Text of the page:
People who say Germans don’t do small talk are lying – there are a couple of topics (very few to be fair to stereotype), that will probably rouse your average German to passionate speech. One of these, and perhaps the most important, is the bemoaning of the Deutsche Bahn. Germans love to have a good whinge about the trains – for such an efficient, well-run country, the trains can be surprisingly expensive, run-down, delayed, and all round inefficient. However despite this, using the train network is usually the easiest, economical and quickest way of zipping round the country. To assist you on your journeying, I’ve compiled a list of handy hints and some ways to get around some of the most common train issues I’ve faced throughout multiple trips throughout the country.

Step 1: Pick your train type

There are four main types of train to consider when making your journey:

ICE: The InterCity Express is your fastest option – the trains reach up to 300 km an hour, have wifi (supposedly – this one features semi regularly on the complaints list), a restaurant and lots of leg room. The new sprinters are even faster – you can (again, supposedly) travel between Berlin and Munich in under 4 hours. These are my favourite trains to take, they’re super-fast and comfortable – but they are the priciest option.

IC/EC: The InterCity/EuroCity are a bit slower than the ICE trains – but they stop in more places, and can connect you with other cities in Europe – such as Berlin-Amsterdam, Munich-Salzburg etc. Something to note is that it’s not guaranteed that IC/EC trains will have wifi – if you’re relying on it to do work through your journey, check your train model before booking.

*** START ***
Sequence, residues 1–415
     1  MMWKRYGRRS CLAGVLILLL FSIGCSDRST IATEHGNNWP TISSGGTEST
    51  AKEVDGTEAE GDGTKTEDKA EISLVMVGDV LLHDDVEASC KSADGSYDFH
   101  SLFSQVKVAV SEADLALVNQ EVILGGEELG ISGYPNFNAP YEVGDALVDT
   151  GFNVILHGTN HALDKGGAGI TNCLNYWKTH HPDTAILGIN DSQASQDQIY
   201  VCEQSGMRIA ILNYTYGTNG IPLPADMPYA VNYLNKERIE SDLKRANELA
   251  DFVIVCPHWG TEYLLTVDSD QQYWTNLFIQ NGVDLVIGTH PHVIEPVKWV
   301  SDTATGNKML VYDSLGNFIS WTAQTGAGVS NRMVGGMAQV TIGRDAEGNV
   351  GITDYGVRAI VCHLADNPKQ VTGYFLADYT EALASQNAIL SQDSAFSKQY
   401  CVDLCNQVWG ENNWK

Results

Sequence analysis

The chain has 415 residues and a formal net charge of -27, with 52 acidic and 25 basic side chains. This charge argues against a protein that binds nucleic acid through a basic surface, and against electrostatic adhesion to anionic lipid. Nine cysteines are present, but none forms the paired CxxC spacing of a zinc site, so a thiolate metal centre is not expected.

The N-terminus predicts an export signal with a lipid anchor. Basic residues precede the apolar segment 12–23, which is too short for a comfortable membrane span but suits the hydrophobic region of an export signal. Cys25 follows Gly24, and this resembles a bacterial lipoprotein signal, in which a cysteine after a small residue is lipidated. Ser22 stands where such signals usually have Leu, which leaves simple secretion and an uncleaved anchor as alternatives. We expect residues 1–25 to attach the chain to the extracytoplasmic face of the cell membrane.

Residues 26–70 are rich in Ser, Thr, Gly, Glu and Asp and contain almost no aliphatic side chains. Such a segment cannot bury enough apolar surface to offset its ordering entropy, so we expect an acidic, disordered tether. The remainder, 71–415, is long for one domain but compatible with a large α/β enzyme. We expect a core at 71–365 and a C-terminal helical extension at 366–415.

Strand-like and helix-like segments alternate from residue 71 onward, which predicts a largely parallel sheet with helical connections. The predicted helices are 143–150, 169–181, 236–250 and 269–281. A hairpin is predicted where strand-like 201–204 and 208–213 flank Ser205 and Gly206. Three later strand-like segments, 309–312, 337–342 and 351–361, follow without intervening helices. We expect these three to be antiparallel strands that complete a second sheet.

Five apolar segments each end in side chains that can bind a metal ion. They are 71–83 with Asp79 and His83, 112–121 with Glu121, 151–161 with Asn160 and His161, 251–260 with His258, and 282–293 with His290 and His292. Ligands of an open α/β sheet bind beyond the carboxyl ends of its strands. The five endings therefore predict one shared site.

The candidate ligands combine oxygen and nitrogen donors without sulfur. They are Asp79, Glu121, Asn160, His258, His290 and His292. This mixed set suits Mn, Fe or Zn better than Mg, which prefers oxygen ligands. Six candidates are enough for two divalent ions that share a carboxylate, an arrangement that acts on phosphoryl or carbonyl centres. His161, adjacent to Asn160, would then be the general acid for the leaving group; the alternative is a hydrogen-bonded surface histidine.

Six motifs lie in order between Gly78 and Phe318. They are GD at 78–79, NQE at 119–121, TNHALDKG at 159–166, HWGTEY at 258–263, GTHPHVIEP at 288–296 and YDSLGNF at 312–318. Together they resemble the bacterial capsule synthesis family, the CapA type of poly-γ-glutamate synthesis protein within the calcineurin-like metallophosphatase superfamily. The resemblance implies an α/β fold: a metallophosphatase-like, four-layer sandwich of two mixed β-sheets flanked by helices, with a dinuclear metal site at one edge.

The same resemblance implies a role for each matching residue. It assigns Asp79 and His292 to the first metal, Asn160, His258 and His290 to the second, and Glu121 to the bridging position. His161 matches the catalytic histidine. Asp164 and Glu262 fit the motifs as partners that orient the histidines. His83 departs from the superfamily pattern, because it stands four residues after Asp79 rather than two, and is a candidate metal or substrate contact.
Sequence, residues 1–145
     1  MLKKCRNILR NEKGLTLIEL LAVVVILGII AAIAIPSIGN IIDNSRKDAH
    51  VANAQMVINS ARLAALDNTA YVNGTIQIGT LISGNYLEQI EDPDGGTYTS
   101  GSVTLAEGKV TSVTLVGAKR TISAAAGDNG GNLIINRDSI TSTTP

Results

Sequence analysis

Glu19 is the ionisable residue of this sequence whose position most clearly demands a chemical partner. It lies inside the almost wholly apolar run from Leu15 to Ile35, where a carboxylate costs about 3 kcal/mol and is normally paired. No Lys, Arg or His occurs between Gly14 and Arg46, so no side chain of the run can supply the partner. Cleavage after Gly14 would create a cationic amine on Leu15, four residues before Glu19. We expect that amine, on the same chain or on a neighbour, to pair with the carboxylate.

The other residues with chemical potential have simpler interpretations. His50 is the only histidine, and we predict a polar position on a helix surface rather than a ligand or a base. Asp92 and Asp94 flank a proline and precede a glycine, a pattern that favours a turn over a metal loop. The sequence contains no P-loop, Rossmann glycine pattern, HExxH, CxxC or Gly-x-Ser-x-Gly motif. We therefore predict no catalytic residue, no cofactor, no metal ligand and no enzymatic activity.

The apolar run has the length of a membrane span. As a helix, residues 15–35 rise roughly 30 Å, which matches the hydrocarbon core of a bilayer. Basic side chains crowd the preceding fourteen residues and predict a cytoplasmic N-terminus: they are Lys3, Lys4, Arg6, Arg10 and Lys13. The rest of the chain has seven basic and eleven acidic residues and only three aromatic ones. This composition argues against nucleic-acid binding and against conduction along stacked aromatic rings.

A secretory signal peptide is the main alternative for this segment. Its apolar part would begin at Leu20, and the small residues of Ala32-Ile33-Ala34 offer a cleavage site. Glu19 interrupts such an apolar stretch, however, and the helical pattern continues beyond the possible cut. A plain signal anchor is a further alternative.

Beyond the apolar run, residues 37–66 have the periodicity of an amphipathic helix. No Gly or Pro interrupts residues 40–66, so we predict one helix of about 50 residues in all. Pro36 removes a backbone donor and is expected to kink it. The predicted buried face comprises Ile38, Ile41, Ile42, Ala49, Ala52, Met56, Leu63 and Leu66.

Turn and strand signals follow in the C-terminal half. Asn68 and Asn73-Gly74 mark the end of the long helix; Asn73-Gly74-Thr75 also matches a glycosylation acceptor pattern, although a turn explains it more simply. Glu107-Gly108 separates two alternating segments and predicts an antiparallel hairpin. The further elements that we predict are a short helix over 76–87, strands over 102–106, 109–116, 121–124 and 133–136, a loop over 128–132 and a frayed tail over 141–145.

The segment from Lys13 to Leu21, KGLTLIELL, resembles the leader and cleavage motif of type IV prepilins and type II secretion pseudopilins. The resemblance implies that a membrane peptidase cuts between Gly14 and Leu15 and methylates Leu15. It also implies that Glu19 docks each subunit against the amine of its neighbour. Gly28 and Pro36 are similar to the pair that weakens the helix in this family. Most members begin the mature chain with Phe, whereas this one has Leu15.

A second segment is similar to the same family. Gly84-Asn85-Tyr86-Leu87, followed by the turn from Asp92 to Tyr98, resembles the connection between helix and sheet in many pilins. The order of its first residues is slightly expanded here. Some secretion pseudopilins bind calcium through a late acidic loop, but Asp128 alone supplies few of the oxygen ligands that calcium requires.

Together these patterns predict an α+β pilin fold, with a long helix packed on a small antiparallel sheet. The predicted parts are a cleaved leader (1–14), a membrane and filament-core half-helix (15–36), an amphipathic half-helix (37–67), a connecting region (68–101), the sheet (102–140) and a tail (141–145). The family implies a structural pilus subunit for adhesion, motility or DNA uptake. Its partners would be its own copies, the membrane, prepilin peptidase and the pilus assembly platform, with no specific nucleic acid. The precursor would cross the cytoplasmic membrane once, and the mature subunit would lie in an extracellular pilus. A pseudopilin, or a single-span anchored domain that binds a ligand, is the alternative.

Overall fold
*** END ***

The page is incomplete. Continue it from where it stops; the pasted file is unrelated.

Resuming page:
RE/RB/IRE: The Regional Trains are the slowest inter-city trains, and they connect different local stations and towns throughout each region in Germany. They’re excellent to get to small towns in one area, or to explore the region you’re in (they’re also the cheapest option) – but they’re definitely not ideal to get between cities quickly.

S-Bahn: This is the suburban commuter service – it connects major metropolitan areas with its outlying areas (sometimes including other towns). This usually only costs a few euros.

There are also overnight trains which operate similarly to the IC/RE trains.

Step 2: Pick your class

Each of these trains has a first class and a second class of seating:

  • First Class: The more expensive option, but it affords you a lot more comfort. There are only 3 (leather ooh) seats per row, your seat is guaranteed (i.e. the price is inclusive of reservation), you get a free snack, and have direct drinks service to your seat. You are also able to access the Bahn Lounge where you have access to free food and drink.